Being gay in Darfur: the fight to be yourself in a hostile war zone

Michelle Green on Jebel Marra: ‘I wanted to complicate the neat narratives I saw around me, to write beyond the standard war story’

Ten years ago I was living in Geneina, the capital of West Darfur, in Sudan. I was an aid worker with an international agency, part of the humanitarian response to the war that still rages to this day, and though Darfur's horror was front and centre in the world's public consciousness for a time, it quickly dropped from view.

After six months, I returned home to Manchester to debriefing and reality TV and two-for-one offers and a ravenous news cycle. It was a hard landing. Despite years as a poet and author, I had no intention of writing about Darfur – I didn’t have the words, didn’t know where to begin – but a compulsion grew, a deep need to speak about what I had witnessed.

I started writing from as many angles as I could, fictionally, by finding the characters that I wasn’t seeing elsewhere: lawyers, teachers, market traders and singers, people just trying to make their way through chaos. Aid workers and soldiers too. Faceless men in Khartoum offices. I wanted to approach the contradictions, and complicate the neat narratives I saw around me, to write beyond the standard war story.

So, what is the standard war story? Violence, bravery, terror, more violence. Mud and deathly cold water, trench foot, or maybe dust and an unrelenting sun, long stretches of waiting followed by bursts of nightmarish action. Heroin addiction in a jungle far from home. Medical tents. Men in suits talking in the corridor, the red phone. It might be someone in the cellar, or under the stairs. Guns and ammo and radio handsets. A humvee. A man dropping from a tree, firing. A man. Rugged and single-minded, perhaps, or young and terrified, crying for mum in the night. He’s 10 years old, stripping an AK47, or he’s 79 with a tattoo and a clutch of awful memories. It’s usually a man. Women in war stories are waiting at home, or working in factories in the ’40s. Sometimes brothels near the base. They tend to be nameless victims, or Florence Nightingale. Very occasionally, they will be soldiers among a sea of men, or leaders from another time: Boudica, Joan of Arc. What else? The man at the centre of our typical war story might be glorified or horror-struck, driven by fear or loyalty or murderous rage, but he will always be straight. It doesn’t need to be said, it’s just obvious, assumed. With very few exceptions, he will be heterosexual.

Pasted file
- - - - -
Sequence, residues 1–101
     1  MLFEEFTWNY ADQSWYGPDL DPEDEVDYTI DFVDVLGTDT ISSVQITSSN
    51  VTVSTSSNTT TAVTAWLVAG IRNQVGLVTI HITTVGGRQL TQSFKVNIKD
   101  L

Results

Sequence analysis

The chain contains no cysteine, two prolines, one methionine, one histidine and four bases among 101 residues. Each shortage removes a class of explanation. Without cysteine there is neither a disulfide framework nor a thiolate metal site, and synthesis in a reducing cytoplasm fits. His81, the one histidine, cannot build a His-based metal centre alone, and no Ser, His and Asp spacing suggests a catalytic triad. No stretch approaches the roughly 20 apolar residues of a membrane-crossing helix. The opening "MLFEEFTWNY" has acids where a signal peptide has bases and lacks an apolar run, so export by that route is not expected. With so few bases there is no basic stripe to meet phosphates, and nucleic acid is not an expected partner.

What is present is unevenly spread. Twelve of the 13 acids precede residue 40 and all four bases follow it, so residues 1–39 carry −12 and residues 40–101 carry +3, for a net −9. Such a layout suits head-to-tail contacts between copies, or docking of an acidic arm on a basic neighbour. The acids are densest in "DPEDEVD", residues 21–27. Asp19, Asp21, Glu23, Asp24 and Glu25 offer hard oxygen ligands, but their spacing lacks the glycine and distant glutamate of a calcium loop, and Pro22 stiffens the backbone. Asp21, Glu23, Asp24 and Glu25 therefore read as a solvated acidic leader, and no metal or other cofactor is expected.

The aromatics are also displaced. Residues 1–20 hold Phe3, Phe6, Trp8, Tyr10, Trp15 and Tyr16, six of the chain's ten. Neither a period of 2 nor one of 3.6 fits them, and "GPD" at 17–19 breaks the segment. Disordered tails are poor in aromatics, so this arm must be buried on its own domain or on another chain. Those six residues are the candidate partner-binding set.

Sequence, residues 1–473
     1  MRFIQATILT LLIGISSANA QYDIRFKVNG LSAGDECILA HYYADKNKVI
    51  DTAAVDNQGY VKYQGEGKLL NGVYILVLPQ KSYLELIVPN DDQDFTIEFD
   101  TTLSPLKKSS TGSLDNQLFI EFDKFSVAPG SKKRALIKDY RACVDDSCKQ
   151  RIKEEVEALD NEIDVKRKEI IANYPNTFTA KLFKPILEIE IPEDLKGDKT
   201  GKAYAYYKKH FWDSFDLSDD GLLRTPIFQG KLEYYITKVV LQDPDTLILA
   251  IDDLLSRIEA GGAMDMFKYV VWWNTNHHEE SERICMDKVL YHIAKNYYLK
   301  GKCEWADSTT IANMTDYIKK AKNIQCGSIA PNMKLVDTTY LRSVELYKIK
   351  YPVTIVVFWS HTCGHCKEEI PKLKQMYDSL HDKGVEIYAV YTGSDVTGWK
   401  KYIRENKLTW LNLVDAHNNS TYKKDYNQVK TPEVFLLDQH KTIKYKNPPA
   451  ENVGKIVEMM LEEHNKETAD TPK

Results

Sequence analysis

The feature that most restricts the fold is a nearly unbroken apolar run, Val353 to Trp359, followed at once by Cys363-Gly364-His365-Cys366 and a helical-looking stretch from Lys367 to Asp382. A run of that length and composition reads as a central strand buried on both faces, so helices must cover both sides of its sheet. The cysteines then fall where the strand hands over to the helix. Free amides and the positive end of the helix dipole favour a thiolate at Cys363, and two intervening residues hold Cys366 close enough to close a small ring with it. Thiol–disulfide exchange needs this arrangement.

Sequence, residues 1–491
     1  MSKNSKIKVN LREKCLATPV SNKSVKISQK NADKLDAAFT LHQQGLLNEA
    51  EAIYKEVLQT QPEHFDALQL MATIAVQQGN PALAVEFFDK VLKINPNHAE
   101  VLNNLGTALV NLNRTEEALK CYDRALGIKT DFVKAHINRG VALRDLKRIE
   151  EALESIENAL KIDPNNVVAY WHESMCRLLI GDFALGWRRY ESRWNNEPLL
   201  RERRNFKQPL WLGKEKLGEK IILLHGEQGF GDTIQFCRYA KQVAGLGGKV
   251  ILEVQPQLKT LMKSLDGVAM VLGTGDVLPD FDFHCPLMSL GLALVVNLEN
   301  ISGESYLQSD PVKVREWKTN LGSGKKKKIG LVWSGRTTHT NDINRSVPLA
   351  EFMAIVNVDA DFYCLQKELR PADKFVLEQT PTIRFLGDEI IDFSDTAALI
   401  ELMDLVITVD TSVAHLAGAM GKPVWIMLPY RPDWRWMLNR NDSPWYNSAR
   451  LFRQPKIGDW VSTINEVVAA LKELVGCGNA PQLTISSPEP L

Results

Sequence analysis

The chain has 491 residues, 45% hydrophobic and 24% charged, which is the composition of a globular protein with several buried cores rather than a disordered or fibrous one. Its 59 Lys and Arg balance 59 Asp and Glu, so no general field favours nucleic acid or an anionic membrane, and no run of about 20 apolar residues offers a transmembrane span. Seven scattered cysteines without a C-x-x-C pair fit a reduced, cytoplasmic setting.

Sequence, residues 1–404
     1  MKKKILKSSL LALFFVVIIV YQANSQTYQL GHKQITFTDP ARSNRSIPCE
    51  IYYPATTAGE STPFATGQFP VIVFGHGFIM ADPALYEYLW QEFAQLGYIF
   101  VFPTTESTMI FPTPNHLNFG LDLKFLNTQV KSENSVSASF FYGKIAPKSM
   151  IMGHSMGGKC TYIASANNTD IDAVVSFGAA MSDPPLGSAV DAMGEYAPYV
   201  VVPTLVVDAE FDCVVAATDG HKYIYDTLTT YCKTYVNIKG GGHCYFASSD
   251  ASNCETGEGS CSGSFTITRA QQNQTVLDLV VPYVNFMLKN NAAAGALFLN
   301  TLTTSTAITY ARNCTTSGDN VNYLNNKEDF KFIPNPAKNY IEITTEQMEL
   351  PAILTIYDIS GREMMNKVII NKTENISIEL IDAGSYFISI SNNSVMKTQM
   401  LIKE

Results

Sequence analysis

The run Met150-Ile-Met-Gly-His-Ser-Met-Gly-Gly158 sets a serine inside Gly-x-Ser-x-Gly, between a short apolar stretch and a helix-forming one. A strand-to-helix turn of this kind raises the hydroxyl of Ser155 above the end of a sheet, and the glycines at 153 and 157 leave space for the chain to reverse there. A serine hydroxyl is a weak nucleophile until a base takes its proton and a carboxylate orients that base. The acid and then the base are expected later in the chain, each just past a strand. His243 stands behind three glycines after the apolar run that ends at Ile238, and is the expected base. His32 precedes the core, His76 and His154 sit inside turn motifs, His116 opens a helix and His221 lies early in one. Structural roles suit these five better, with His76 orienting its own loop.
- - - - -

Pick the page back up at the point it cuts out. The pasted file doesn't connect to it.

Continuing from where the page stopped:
Since the ruling government took power in a military coup in 1989, same-sex sexual activity, cross-dressing, and “behaving in a womanly fashion” have been illegal in Sudan. Punishment ranges from flogging, to imprisonment and fines, and the death penalty (on the third offence for men, the fourth for women). Fledgling LGBT civil rights groups have emerged in Sudan over the last five years, hoping to build on a past that was far more tolerant, but it’s a community that is still very much underground, and so it is largely invisible.